Anything youve found to be particularly helpful in marketing your book?

Persistence.

Is your book available as an eBook?

Yes, every major online eBook retailer for numerous devices such as Amazon's Kindle, the Nook from Barnes & Noble, Apple's iPad, pdfs, Android phones and many others. The process was easy for me — Guy did all the work. He had them up within days of the release of the book. I would definitely go ebook! I believe they are the future.

Do you have any advice for aspiring writers?

Write for you, not for the market you think will be available when your work is completed. Have patience, try new ideas. Join a local writing group or one on the Internet like The Next Big Writer http://www.thenextbigwriter.com and be open minded about critiques because those readers help you not only understand your market, but help get your book ready to query. If you think two heads are better than one, try 20.

As a writer we all face rejection, any advice on how to deal with it?

All I can say is that I grew a really hard layer of skin that first year with all the rejections. It's a tough market out there, and although I really wanted to see my books in print, I think holding on to the fact that I write for me and the women in my family is what got me through it. However, there is nothing like seeing your name on Amazon! Makes you feel special.

Whats your writing schedule like?

I try to write at least a chapter a week now that I'm published. Used to be able to crank out two, three a week, but marketing is taking up more than half of my time now. I'd say I write about 12 - 24 hours a week and market or build relationships the remainder of my work week which is usually around 40 hours during the summer and lots more in the winter.

Whats your favorite thing and least favorite thing about writing?

My favorite would be typing away and laughing out loud as my characters go all wonky on me. They crack me up with their outbursts and constant surprises. Like who would have thought my Bible-toting sister would have a child with a demon????… Ooops… spoiler for the third book! Dang, maybe you want to edit that out?

My least favorite — writing a damn query! I'm a wordy bitch. One or two paragraphs? Come on!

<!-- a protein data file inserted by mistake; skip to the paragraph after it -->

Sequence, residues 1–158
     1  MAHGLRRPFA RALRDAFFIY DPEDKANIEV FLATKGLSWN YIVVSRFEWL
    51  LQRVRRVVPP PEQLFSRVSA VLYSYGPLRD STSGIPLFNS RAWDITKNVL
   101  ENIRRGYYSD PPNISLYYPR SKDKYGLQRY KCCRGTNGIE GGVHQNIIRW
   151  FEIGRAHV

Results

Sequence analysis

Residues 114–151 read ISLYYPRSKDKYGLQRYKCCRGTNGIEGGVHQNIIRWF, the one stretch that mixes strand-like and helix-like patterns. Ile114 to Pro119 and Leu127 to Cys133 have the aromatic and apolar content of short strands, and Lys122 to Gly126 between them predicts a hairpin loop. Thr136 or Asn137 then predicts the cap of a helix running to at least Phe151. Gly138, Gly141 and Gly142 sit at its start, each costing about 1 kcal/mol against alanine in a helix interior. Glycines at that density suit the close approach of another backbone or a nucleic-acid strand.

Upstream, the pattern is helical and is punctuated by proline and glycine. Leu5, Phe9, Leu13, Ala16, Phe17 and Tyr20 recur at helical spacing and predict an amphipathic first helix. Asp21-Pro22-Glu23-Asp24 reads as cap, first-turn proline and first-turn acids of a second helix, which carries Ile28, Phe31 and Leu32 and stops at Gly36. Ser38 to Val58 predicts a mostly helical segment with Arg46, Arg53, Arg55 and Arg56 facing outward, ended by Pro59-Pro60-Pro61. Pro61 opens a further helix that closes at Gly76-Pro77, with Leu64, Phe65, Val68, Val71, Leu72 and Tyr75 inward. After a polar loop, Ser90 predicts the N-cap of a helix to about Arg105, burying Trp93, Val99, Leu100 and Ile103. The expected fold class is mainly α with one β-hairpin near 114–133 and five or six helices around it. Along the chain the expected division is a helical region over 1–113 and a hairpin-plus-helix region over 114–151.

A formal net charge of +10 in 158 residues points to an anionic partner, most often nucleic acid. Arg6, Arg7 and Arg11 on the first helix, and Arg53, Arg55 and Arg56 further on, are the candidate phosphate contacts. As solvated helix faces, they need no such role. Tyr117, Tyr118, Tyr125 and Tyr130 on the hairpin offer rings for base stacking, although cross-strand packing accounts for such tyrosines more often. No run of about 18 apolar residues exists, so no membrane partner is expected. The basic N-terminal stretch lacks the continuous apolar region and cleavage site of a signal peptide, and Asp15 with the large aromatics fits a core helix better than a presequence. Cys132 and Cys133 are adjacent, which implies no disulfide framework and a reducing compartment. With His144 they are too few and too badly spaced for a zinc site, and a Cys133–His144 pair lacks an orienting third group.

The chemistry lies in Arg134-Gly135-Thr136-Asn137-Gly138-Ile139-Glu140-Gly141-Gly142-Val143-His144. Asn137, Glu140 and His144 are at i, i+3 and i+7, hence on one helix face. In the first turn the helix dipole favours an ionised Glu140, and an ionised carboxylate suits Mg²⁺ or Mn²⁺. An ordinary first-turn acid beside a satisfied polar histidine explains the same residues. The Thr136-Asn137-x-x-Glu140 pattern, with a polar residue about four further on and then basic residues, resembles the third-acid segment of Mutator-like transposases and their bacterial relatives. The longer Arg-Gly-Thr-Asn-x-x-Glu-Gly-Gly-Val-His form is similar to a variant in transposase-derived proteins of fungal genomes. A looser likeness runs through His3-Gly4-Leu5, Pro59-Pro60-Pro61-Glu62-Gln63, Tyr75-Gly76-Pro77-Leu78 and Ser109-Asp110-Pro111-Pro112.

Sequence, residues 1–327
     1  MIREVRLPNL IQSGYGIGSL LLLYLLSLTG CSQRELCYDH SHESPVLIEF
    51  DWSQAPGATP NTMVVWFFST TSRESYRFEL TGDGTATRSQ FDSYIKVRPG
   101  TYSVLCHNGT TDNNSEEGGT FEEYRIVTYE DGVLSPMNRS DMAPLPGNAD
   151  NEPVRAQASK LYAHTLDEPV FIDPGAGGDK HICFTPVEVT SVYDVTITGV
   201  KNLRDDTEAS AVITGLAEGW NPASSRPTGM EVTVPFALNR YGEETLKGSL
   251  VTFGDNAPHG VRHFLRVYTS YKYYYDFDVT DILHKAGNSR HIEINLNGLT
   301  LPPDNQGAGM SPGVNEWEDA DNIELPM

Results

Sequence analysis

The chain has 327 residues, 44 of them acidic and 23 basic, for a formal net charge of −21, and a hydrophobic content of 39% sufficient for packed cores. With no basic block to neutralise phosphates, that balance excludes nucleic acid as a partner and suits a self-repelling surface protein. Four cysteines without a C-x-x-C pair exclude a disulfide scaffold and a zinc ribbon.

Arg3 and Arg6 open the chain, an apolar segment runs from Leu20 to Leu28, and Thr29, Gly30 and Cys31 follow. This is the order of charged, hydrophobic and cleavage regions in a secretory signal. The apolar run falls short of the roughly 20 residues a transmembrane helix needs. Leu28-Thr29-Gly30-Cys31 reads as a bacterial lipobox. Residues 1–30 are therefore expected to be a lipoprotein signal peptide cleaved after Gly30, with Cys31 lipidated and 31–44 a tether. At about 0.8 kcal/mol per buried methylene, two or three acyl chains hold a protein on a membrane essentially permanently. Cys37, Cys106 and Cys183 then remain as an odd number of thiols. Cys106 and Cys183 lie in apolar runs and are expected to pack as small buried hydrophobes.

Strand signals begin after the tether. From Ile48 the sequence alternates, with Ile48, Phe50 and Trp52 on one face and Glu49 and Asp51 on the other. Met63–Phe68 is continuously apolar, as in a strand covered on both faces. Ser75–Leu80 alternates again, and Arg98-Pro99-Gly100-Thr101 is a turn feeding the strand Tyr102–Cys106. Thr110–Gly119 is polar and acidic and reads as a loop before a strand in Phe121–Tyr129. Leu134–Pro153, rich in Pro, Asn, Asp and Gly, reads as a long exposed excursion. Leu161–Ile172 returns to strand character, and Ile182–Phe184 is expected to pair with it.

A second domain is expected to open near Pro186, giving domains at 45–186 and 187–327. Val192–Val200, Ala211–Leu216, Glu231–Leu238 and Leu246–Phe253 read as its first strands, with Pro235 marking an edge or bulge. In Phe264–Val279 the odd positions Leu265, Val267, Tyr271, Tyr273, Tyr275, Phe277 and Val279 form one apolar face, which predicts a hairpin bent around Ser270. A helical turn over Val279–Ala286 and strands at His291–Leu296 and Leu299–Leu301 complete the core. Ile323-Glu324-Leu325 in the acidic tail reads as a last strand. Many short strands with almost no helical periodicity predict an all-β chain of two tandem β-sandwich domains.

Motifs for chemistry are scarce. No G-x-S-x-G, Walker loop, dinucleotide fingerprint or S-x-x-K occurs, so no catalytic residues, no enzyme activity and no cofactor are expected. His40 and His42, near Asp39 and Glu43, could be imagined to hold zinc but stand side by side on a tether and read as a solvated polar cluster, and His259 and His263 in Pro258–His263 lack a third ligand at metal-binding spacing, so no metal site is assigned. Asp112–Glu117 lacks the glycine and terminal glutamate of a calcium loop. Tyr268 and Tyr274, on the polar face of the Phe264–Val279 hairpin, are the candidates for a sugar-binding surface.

Where do you hope to be in 5 years?

On the cover of Rolling Stone. Ha!

What was one of the most surprising things you learned while writing your books?

That I have five women, a fairy, troll, werewolf, demon, and several sexy immortals living in my brain! And they won't go home!

Any suggestions to help someone become a better writer?

I think writing what moves you, what you have a passion for, what makes you smile, adding personal experience to breathe life into your work makes it easier. Better? Learning from others makes it better.

Where can readers find you? (Include all links you want, facebook, twitter etc....)







Comments

  1. Good interview. I added the Ungrateful Dead to my Amazon wishlist. I'm buying them as I go along and know this is a hilarious one that I will enjoy. Wishing you every success with this book.

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  2. Thanks for reading the interview, Joy, and for the post :)

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  3. Testing. There are problems with me trying to post. I hope you get this.

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  4. Jeanne, I haven't been able to properly thank you for the interview with my computer problems over the last week, and wanted to do so now. I so much enjoyed answering your questions and being in your spotlight - as usual, you make me feel special.

    Thanks Friend,
    Susan
    http://thegratefulundead.blogspot.com/
    Visit Amazon's Susan Stec Page
    http://thegratefulundead.blogspot.com/
    http://productsearch.barnesandnoble.com … amp;ugrp=2

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  5. Yay! you were able to post. I'm sure your frustration levels have dropped, lol. Thank YOU for allowing me to interview YOU. It was entirely my pleasure :)

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  6. I interviewed Susan Stec on my show and love her energy. Her sense of humor and enthusiasm will take her a long way.

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  7. Great interview! It was really fun to read.
    ~Rebecca
    www.bendingthespine.blogspot.com

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  8. I listened to the interview, Candance and I couldn't agree more. Susan is great.

    Thanks very much, Rebecca :)

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  9. What a great interview. Lucky you. Donna

    I am a new GFC follower and would love for you to visit my blog. I have a book give away this week. Please enter. Donna

    http://mylife-in-stories.blogspot.com

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  10. Hi Donna,
    I've already joined you blog. I will have to go back to join your contest :)

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  11. Just stopping by to make sure I am following you on my blog Jeanne. Also wanted to toss this on Facebook and Twitter again. Then it's off to snag Candy's blog too. Weeeeeee! I can post!
    Susan

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  12. Very inspiring interview for the up coming writers.

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  13. What a great title for a book. And an informative interview. Awesome job, Jeanne.

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  14. Good Interview ..would love to buy this book !! thx for this post

    http://www.travelnlife.com/

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  15. That was a great interview!

    Nikki